Effects of stocking density during simulated transport on physiology and behavior of largemouth bass (Micropterus salmoides)

Alternative title Transport in Largemouth bass



Yang Y, Narayan E, Rey Planellas S, Phillips CJC, Zheng L, Xu B, Wang L, Liu Y, Sun Y, Sagada G, Shih H, Shao Q & Descovich K (2024) Effects of stocking density during simulated transport on physiology and behavior of largemouth bass (Micropterus salmoides) [Transport in Largemouth bass]. Journal of the World Aquaculture Society, (e13054).

The live transport of farmed fish is an important practice in Chinese aquaculture due to consumer preferences in its domestic market. However, live transport can be stressful for fish and may cause many welfare issues. This study aimed to examine the effects of transport density on the welfare of largemouth bass (Micropterus salmoides). Adult fish were allocated to four experimental treatments in a two-factor design (N = 5 groups per treatment). Factor one was stocking density of either 39 (low density) or 78 (high density) g L1. Factor two was transport, with half of the fish groups exposed to simulated transport stress for 3 h using a motion platform, and the other half kept in static tanks for the same length of time. Baseline behavior and physiology were determined from a subset of fish after acclimation but before selection into groups and application of transport. To determine the effects of transport, stocking density, and their interaction on the experimental groups, physiological sampling and behavioral recording were car- ried out immediately after simulated transport, and water quality was measured both before and after transport. Changes in water quality were observed between two timepoints, with decreased dissolved oxygen levels and increased water temperature. Total ammonia nitrogen levels significantly increased in all treatments over time, particu- larly in the high-density groups. Fish ventilation rates were significantly elevated in the groups kept at a high stocking density regardless of whether they also experienced trans- port stress. Fish transported at a high stocking density also showed more fear-related behaviors such as freezing and thigmotaxis than non-transported groups. Serum cortisol, catalase, and aspartate transaminase levels were signifi- cantly higher in the transported treatment groups compared to the baseline fish, but no difference was found for serum glucose, lactate, and glutathione peroxidase. We concluded that 3 h of simulated transport was stressful to largemouth bass kept at 78 g L1, as evidenced by altered fish physio- logical and behavioral indicators of stress, as well as deterio- rated water quality. Additionally, we identified a positive correlation between serum and skin mucus samples for cor- tisol, glucose, and lactate in transported fish, providing important information for developing less invasive methods for the welfare assessment of largemouth bass.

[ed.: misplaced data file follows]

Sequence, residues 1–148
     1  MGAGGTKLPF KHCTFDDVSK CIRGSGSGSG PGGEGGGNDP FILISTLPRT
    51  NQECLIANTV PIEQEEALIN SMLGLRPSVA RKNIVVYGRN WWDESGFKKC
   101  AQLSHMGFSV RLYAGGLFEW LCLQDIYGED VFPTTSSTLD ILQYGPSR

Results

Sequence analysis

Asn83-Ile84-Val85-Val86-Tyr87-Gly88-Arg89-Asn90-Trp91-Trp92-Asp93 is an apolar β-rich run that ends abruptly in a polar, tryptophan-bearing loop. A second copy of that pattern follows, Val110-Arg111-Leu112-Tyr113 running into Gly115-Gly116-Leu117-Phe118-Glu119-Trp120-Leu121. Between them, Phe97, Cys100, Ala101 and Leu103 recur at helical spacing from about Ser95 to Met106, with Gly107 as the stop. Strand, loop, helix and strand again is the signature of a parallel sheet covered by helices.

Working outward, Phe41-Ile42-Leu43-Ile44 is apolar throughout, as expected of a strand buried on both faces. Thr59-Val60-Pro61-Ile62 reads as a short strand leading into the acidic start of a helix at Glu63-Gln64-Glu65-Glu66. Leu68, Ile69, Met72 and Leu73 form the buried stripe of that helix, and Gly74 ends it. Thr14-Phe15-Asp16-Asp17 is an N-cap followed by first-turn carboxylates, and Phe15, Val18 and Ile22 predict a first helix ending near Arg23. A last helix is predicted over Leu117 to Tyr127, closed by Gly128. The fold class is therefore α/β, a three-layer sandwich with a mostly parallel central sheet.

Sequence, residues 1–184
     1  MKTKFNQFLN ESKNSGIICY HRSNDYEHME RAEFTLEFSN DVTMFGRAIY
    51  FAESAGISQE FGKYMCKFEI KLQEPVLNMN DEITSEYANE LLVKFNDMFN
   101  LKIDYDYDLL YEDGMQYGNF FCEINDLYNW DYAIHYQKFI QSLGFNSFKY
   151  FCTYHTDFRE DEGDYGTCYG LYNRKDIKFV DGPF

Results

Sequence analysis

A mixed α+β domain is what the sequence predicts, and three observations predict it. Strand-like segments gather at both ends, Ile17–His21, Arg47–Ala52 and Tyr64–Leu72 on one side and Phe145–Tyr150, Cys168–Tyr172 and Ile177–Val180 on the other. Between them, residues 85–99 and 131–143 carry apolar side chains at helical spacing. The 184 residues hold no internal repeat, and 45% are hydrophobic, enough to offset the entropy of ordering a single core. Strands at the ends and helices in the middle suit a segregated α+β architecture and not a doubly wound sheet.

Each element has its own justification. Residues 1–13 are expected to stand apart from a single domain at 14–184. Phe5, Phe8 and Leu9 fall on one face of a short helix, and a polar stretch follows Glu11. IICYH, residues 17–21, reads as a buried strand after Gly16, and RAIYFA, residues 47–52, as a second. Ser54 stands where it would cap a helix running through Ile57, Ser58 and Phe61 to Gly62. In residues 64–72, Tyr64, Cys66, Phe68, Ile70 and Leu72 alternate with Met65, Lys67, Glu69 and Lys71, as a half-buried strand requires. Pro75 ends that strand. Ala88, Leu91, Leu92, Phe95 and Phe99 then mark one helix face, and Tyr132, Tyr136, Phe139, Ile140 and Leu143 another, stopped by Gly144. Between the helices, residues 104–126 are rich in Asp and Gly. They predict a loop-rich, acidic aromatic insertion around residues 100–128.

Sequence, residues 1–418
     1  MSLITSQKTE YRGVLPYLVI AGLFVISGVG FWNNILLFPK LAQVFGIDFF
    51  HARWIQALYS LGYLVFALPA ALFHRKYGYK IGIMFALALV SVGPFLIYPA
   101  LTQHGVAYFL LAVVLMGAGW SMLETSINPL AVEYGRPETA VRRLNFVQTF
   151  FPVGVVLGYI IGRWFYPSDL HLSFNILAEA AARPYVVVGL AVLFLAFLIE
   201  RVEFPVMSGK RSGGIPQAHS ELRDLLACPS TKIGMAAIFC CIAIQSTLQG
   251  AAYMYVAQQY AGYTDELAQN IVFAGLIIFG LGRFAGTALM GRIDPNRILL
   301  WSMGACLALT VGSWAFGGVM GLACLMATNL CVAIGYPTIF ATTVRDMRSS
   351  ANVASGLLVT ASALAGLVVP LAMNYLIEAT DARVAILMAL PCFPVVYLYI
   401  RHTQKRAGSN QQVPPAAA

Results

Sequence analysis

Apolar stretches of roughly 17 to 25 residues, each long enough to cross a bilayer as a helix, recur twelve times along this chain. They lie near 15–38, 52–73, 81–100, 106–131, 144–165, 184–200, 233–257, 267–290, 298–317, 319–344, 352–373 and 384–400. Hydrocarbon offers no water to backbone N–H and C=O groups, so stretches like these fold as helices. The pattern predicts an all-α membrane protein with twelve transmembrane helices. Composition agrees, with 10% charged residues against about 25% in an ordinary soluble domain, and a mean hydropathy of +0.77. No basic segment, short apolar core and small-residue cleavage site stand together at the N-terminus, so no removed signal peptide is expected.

Agronomy and Crop Science; Aquatic Science

Journal of the World Aquaculture Society, Issue e13054

Publication date28/02/2024
Publication date online28/02/2024
Date accepted by journal10/01/2024

People (1)


Dr Sonia Rey Planellas

Dr Sonia Rey Planellas

Associate Professor, Institute of Aquaculture